Combat wise the game is entertaining. The first few battles can be initially challenging as the combination of low health and low stamina can make death come quite quickly. Grind your way through the first few levels a couple of times though, and the extra skill points and cash will make life a little easier. Although initially being a simple Golden Axe style game, it isn't long till things get a little more complex. The various enemies have their own strengths and weaknesses, and working out the most effective way to deal with them is a major part of the fun. When the shield bearers appear, you might find having high back stab ability useful, especially in combination with the roll dodge to get behind them. Up against a boss that can take a lot of punishment? Level up that kick ability to knock him down and keep him stunned. The wide range of enemies, the addition of arena traps and the gradual opening of new stores keep things fresh, and helps it rise above the level of many of the other side scrolling beat em ups out there. It does have a few minor problems though. I had a few times when moves wouldn't trigger exactly when I wanted, particularly with the kick or jump attack but it happened infrequently enough to not be a major problem. I found the combination of rolling behind the opponent, added to a powerful back stab ability, to be a little too effective. Working on most opponents it quickly became a go to move that sometimes made things a little repetitive but that's kinda on me. One more common thing that happened though, became a little irritating when lions and tigers were introduced as opponents. Sometimes they'd have the exact same look as my own pet and I'd find myself frantically dodging a pursuing cat, only to discover that it was my own feline trying to return to my side. When everything is considered though, the combat was enjoyable and challenging with each of the "days" providing a short, individual fight that feels satisfying to win.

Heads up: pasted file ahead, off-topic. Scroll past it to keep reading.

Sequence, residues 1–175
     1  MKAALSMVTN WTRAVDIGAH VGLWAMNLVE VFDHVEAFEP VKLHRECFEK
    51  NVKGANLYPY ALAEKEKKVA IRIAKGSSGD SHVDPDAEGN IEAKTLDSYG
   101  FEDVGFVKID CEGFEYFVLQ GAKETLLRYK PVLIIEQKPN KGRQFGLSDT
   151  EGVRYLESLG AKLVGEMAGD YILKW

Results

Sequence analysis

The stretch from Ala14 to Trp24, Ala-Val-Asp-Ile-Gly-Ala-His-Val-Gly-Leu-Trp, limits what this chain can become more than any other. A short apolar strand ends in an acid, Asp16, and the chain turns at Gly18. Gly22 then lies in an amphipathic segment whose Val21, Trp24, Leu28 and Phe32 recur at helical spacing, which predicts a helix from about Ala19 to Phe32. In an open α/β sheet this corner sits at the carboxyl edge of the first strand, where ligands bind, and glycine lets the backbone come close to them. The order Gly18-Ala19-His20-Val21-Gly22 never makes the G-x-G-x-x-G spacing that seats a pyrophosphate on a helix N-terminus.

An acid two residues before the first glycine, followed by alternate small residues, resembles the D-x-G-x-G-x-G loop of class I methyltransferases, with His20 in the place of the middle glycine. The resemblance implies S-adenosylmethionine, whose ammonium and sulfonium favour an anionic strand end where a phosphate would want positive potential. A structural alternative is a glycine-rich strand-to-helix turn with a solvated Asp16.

Victory for your efforts are judged out of three stars and getting the best score relies on how much damage you receive. Keep your health above 60% and you'll get 3 stars, win with 40% health left and you'll get 2 stars. The more stars you receive, the higher the bonus to the experience and cash you'll be rewarded for victory. At the end of the battle, you can choose to replay the same match, perhaps getting a better score, or more likely to earn yourself more EXP and gold to spend in the city centre.